*(JHA,xi 1980, p. 133-135)*

*The Crime of Claudius
Ptolemy. *Robert R. Newton (The Johns Hopkins University Press, Baltimore
and London, 1977). Pp. xiv + 411. £15-75.

Whatever various generations
of astronomers and of historians of astronomy have thought and shall come
to think of Ptolemy, his *Almagest *(or *Syntaxis, *as Newton
prefers to name it) is bound to remain a grand focus in the history of
astronomy. Here a thousand years' work of Babylonian and Greek astronomers
evolved into a comprehensive account, in geometrical language, of all the
motions in the sky. Here the stage was set for another fifteen centuries
of efforts, on the part of Indian, Arabic, and Latin astronomers, to maintain
control with these motions. So any major change of view concerning the
development of any part of the history of astronomy from 800 B.C. to A.D.
1600 must also add new facets to our picture of Ptolemy and of his work.
Almost as a stocktaking of Ptolemy, the 1970s saw the publication of three
monographic writings on his astronomy, *viz, *O. Neugebauer's authoritative
account of the contents of the *Almagest *in its context of the mathematical
side of the rest of ancient astronomy,^{1 }O.
Pedersen's *Almagest *companion volume designed to guide also the
student of Latin astronomy up to the Renaissance,^{2}
and R. R. Newton's book with a scientist's announcement of zero reliability
for the observations Ptolemy claims to have made himself as well as for
many of the observations that he attributes to other astronomers. All of
the three works are indispensable on my shelf with standard books of reference,
in the case of Newton's book for two reasons: first because of its highly
acute and reliable analysis of the observational and theoretical data in
the *Almagest, *and of their mutual interdependence, and second because
I disagree completely with the author in his judgement of Ptolemy as a
deliberate criminal in his activity as an astronomer.

In a series of publications
from the period 1969-76 Newton has investigated the non-gravitational accelerations
within the solar system. To this end he compared positions of the heavenly
bodies, as reported in Ancient and Medieval observations, with "gravitational"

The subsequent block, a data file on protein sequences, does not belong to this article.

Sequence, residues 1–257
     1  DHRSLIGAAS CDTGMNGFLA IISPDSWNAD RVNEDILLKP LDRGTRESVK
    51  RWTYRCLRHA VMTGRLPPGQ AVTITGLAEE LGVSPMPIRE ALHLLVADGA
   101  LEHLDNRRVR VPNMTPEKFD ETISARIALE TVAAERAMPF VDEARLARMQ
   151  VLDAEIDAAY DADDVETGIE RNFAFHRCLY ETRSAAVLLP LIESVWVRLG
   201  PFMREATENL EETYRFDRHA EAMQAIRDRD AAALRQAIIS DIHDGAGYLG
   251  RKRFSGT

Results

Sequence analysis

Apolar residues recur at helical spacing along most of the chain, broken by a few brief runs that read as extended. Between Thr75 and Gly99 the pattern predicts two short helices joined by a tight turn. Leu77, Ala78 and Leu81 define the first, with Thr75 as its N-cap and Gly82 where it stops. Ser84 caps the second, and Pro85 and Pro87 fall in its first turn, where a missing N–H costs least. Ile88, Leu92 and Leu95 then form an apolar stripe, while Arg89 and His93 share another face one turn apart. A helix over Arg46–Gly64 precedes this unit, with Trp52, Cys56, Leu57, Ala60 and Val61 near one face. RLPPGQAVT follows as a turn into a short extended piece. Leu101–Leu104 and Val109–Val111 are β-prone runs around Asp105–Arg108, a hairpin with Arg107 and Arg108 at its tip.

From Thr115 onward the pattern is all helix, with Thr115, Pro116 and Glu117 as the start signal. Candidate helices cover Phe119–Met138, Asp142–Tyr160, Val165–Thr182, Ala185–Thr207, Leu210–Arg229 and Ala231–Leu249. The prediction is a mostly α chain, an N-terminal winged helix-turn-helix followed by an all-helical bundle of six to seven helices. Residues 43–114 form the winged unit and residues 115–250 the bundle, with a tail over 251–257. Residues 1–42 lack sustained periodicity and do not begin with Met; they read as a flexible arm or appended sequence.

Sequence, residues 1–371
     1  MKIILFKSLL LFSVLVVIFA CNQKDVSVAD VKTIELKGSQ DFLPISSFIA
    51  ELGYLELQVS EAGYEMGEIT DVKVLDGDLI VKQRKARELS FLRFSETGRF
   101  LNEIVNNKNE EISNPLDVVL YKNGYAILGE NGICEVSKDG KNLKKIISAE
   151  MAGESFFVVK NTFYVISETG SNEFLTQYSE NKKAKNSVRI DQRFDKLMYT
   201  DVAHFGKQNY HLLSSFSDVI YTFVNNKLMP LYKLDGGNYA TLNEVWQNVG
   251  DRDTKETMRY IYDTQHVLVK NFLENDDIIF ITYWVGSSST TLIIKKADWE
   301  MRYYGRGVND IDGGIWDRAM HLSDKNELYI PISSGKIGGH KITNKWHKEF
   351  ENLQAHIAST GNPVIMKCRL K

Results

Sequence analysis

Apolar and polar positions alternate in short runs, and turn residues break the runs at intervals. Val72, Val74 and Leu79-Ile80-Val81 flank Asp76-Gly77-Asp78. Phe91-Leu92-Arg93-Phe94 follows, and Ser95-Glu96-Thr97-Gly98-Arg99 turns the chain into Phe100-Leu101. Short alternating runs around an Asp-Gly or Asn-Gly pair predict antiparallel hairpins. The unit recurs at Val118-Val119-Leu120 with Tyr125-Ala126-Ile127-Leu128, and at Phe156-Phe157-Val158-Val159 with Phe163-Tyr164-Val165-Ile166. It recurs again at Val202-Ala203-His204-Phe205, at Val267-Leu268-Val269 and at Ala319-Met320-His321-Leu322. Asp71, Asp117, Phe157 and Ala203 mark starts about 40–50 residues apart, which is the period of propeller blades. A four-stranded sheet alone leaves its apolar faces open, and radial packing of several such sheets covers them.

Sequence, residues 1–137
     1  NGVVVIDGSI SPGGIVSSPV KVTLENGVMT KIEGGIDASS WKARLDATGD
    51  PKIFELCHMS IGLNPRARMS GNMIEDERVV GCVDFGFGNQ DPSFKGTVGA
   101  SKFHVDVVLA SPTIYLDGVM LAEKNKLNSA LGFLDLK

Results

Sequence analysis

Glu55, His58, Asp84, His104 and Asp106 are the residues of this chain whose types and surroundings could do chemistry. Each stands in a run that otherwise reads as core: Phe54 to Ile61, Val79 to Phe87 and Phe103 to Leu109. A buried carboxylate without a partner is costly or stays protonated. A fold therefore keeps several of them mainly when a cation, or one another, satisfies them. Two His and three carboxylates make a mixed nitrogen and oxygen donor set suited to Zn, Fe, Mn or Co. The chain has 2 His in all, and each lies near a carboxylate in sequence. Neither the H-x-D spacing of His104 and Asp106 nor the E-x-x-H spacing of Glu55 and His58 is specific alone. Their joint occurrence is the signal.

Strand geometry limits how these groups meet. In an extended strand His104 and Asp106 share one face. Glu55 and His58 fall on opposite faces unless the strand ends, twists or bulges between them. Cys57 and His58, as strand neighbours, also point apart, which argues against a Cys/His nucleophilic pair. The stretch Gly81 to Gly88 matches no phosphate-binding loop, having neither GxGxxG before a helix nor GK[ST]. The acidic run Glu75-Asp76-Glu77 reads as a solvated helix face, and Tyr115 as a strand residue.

positions drawn from calculations back in time with the most accurate modern
ephemeris programs. On this plan of scientific research he had to evaluate
the reliability of the old observations, as far as possible on *a priori
*considerations of their historical context alone. Both from such evaluations
and from the lack of coherence with earlier and later observations, Newton
soon came to distrust the authenticity of the observational data in the
*Almagest. *Therefore, you find spread in several of his publications
from the period 1973-76 chapters and sections devoted to documentation
of the thesis that all of Ptolemy's claimed observations that he used and
that can be tested prove to be fraudulent. In the book under review he
collects, in a single cohesive source, all of this material together with
further evidence to support the more far-reaching thesis that the fraudulent
data result from a deliberate plan, on Ptolemy's part, of hoodwinking his
fellow scientists and scholars. It is true that Ptolemy, time and again,
derived parameters known *a priori *from earlier astronomy by using
observations ostensibly fabricated to yield the result he wanted. Instances
of this procedure have been suspected, and in some cases documented, by
earlier astronomers and historians of astronomy. But only Newton's thorough
analysis reveals its full scope, demonstrating that it pervades the entire
structure of the *Almagest. *You may like or dislike Newton's habit
of accompanying his conclusions with statistical estimates of their confidence
level. In some cases equally probable premises for the statistics lead
to other levels, but never to invalidation of the partial conclusion in
question. However, I do not understand the sense of multiplying such confidence